Are employers allowed to process and disclose health data of employees in the context of a COVID-19 crisis management?


Due to the ongoing developments in connection with COVID-19, almost all companies have to take appropriate crisis management measures in order to comply with the new legal requirements imposed by governments.

However, both the Austrian Data Protection Authority and the European Data Protection Board stressed in their communications to the public that even in these exceptional times, controllers must ensure personal data remains protected. In particular, the GDPR stipulates strict rules for controllers and processors about processing health data.

1. Principles related to personal data processing

The data minimization principle and the purpose limitation principle must always be obeyed, even in the context of crisis management. Personal data (e.g. of employees) may only be processed to the extent necessary and for specified, explicit and legitimate purposes. In addition, transparent information on the processing activities must be provided to the respective data subjects.

We recommend implementing additional security measures and confidentiality policies to prevent third parties gaining unauthorized access to data processing activities in connection with health data. Regarding the accountability of the controller, data processing operations – even if they occur during emergency situations – and the considerations raised during the decision-making process must be adequately documented.

2. Legal basis for processing employee health data in case of infection

If an employee has tested positive for COVID-19, the employer must decide whether any personal data is disclosed in communications with internal or external parties (including authorities).

Most employment laws provide for a “duty of care” of the employer vis á vis the employees. Accordingly, the employer must organize the work environment in such a way that the life and health of the employee is protected to the greatest extent possible. The employer must inform the employees about COVID-19 cases in order to protect them from any health dangers. Considering the danger arising in connection with COVID-19 cases, it will not be enough to indicate an unspecified health risk. We are of the opinion that employers will be obliged to explicitly name the COVID-19 risk. The “duty of care” involves protective measures which – under certain limited circumstances – may involve the disclosure of names of infected employees. Whether the names can be disclosed must be assessed on a case by case basis. Employers must always obey the data minimization principle and only disclose as much information as necessary in the particular case.

Article 9(2)(b) of the GDPR serves as the legal basis if "processing is necessary for the purposes of carrying out the obligations and exercising specific rights of the controller or of the data subject in the field of employment and social security and social protection law". However, this only applies if national legislation or a collective agreement under national law provides adequate safeguards for the fundamental rights and interests of the respective data subjects.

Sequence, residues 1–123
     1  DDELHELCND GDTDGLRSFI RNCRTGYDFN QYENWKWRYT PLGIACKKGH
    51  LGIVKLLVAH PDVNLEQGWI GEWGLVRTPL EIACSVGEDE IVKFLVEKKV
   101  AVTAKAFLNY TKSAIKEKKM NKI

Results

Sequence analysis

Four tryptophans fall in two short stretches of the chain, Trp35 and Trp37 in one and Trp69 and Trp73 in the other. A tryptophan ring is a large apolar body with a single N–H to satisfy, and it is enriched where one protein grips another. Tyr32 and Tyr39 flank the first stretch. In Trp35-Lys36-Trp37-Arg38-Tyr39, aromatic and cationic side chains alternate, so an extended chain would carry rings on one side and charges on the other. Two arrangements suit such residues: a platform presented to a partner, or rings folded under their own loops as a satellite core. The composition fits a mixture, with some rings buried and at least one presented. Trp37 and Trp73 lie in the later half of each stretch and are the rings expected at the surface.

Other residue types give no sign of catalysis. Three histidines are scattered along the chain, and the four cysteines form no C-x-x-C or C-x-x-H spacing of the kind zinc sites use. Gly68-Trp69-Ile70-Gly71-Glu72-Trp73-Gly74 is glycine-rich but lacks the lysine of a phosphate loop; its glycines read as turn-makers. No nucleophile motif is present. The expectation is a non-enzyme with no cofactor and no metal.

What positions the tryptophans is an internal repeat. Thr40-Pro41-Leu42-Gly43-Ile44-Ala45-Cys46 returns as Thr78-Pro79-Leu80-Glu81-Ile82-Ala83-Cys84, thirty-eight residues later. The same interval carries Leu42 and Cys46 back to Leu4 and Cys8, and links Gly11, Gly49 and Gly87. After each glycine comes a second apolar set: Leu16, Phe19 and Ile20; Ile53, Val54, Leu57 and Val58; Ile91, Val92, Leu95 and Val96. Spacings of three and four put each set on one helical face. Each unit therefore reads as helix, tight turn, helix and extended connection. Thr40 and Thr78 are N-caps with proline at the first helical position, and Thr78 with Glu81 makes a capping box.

The “duty of care” in combination with Article 9(2)(b) of the GDPR constitute the legal basis for processing and disclosing employee health data within the framework of corona crisis management to prevent the spread of the disease.

Article 9(2)(b) of the GDPR contains a “necessity criterion”. It means that, due to the exceptional nature of the provision, Article 9(2)(b) of the GDPR must be interpreted strictly. The data processing and disclosure of employees' health data must be necessary to exercise the employer´s care vis á vis the employees and thereby prevent their infection. If processing or disclosing health data is not necessary to protect the other staff members, it is forbidden.

In addition, Article 9(2)(b) of the GDPR requires the controller to implement appropriate safeguards to protect the fundamental rights and interests of the data subjects. In the context of data processing during the course of internal or external communication, the controller may implement additional security measures, introduce confidentiality guidelines or establish procedures to enable data subjects to exercise their rights of objection, correction and deletion (e.g. if an alleged COVID-19 infection turns out to be a common influenza).

3. Case by case decisions

Each individual case must be assessed to determine whether an infected person’s name ought to be shared with work colleagues. In some situations it may be necessary to communicate the name to other employees, for example, to find out about other (potentially) infected persons who have been in close contact with the infected person.

Regardless of the outcome of a decision-making process, processing such data requires the employer to inform employees of the emergency data processing operations being carried out in accordance with Article 13 of the GDPR. It may therefore be necessary to adapt existing data protection policies.

Health data collected in connection with COVID-19 crisis management measures must be deleted as soon as they are no longer necessary for the protection of other staff members.